Mentions: Because GFP and its relatives are widely used as the fluorescent moiety of chimeric proteins, it is obviously important and perhaps more relevant to establish whether GFP itself can produce a similar artifact. Unless linked to a granule-targeting sequence, the larger molecular weight of GFP excludes it from diffusion across granule membranes. This guarantees that the excitation path-length available to cytosolic GFP is thus reduced by the presence of GFP-excluding granules (Fig. 2 b). It is therefore expected that, in addition to the light-scattering related phenomenon demonstrated for granule-permeant fluors such as fluorescein, the reduced light path effect would further reduce the GFP signal detected from the granular cytoplasm and thus increase its relative intensity in the granule-free cytoplasm. As with fluorescein, there was a pronounced increase in fluorescent signal at the leading edge (Fig. 5 a) and within the pseudopodia as they formed (Fig. 5 b), with an enhancement of 1.6-fold (significantly higher than fluorescein alone). The zones of increased fluorescence correlated with the organelle-free zones in the cells (Fig. 5 b) demarcated at the organelle free-granule containing boundary (Fig. 5 c). In addition, the total fluorescent signal from the cell increased during pseudopodia formation. It is conceivable that the asymmetrical distribution of GFP arose from a protein–protein interaction, such as tight binding of GFP to proteins at the leading edge. This is unlikely, as laser photobleaching at the pole opposite the zone of increased fluorescence intensity caused a decrease in the intensity of the entire GFP pool (Fig. 5 d). If GFP had accumulated at the leading edge as a result of binding to another protein, it would have been insulated from this localized photobleaching effect. However, there was no difference in the rate of decrease of GFP fluorescence in the bulk cytoplasm or the organelle-free cytoplasm, suggesting that the GFP was equally free to diffuse in both locations (Fig. 5 e). In addition, the asymmetries in GFP fluorescence were dynamic, forming and relaxing with pseudopodia formation (Fig. 5 and Video 2, available at http://www.jcb.org/cgi/content/full/jcb.200806047/DC1).


Translocation or just location? Pseudopodia affect fluorescent signals.

Dewitt S, Darley RL, Hallett MB - J. Cell Biol. (2009)

Asymmetrical signals with cytoplasmic GFP. The typical distribution of fluorescence intensity of cytoplasmic GFP in human cord blood–derived neutrophils along the axis shown of a polarizing cell (a) and a cell undergoing phagocytosis (b). (c) The dynamic nature of the fluorescence asymmetry of GFP during phagocytosis is shown in a time sequence of images of a cell undergoing phagocytosis. The position of the iC3b-opsonised zymosan particle (presented with a micropipette) is indicated in the phase-contrast image and the fluorescent images below at the times indicated. The complete time course is shown in Video 2 (available at http://www.jcb.org/cgi/content/full/jcb.200806047/DC1). (d) The effect of localized photobleaching (30 s) within the white square on the GFP signal from the leading pseudopodia and cell body is shown and (e) quantified for the leading pseudopodia (ps) and cell body (b). The ratio of mean intensities in the two locations is also shown as the dotted line (e). Bars: (a and b) 5 µm; (c) 10 µm; (d) 10 µm. Human neutrophils expressing GFP were generated from cord blood as described previously (Omidvar et al., 2006).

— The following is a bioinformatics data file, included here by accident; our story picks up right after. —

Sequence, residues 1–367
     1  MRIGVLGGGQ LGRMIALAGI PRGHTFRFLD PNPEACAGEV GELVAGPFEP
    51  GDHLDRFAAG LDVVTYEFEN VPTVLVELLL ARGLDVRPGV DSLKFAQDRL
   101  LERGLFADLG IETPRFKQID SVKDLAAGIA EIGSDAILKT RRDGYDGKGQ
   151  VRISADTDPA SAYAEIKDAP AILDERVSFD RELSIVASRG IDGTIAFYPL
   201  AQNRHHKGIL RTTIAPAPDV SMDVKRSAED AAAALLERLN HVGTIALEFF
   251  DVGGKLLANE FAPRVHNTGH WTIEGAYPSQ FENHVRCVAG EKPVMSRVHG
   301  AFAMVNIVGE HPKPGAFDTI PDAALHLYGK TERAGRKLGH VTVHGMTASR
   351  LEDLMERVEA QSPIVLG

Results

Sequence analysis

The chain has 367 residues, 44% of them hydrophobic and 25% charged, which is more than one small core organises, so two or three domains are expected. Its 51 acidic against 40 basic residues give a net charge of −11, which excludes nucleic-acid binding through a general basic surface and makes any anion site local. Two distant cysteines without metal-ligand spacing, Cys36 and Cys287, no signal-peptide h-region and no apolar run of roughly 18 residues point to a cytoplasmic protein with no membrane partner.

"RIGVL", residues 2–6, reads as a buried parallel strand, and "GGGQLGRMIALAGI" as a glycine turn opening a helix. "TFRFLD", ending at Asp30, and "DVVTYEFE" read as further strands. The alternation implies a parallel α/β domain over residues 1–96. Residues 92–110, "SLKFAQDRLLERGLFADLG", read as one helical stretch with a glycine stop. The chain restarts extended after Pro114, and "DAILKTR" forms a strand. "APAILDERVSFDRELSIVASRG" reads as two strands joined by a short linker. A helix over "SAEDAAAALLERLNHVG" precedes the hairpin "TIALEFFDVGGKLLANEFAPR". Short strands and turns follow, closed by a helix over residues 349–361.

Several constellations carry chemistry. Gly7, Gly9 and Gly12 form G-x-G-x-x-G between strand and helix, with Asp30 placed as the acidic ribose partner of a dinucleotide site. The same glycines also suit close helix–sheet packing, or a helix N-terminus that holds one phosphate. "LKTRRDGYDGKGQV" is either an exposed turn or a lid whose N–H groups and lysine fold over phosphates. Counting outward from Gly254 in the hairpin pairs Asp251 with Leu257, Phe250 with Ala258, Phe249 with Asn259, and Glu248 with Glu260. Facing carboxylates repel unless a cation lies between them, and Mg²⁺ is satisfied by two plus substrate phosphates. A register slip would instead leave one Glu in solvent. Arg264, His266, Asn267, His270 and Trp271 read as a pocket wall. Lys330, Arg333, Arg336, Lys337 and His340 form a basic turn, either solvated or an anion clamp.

© Copyright Policy - openaccess
Related In: Results  -  Collection

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fig5: Asymmetrical signals with cytoplasmic GFP. The typical distribution of fluorescence intensity of cytoplasmic GFP in human cord blood–derived neutrophils along the axis shown of a polarizing cell (a) and a cell undergoing phagocytosis (b). (c) The dynamic nature of the fluorescence asymmetry of GFP during phagocytosis is shown in a time sequence of images of a cell undergoing phagocytosis. The position of the iC3b-opsonised zymosan particle (presented with a micropipette) is indicated in the phase-contrast image and the fluorescent images below at the times indicated. The complete time course is shown in Video 2 (available at http://www.jcb.org/cgi/content/full/jcb.200806047/DC1). (d) The effect of localized photobleaching (30 s) within the white square on the GFP signal from the leading pseudopodia and cell body is shown and (e) quantified for the leading pseudopodia (ps) and cell body (b). The ratio of mean intensities in the two locations is also shown as the dotted line (e). Bars: (a and b) 5 µm; (c) 10 µm; (d) 10 µm. Human neutrophils expressing GFP were generated from cord blood as described previously (Omidvar et al., 2006).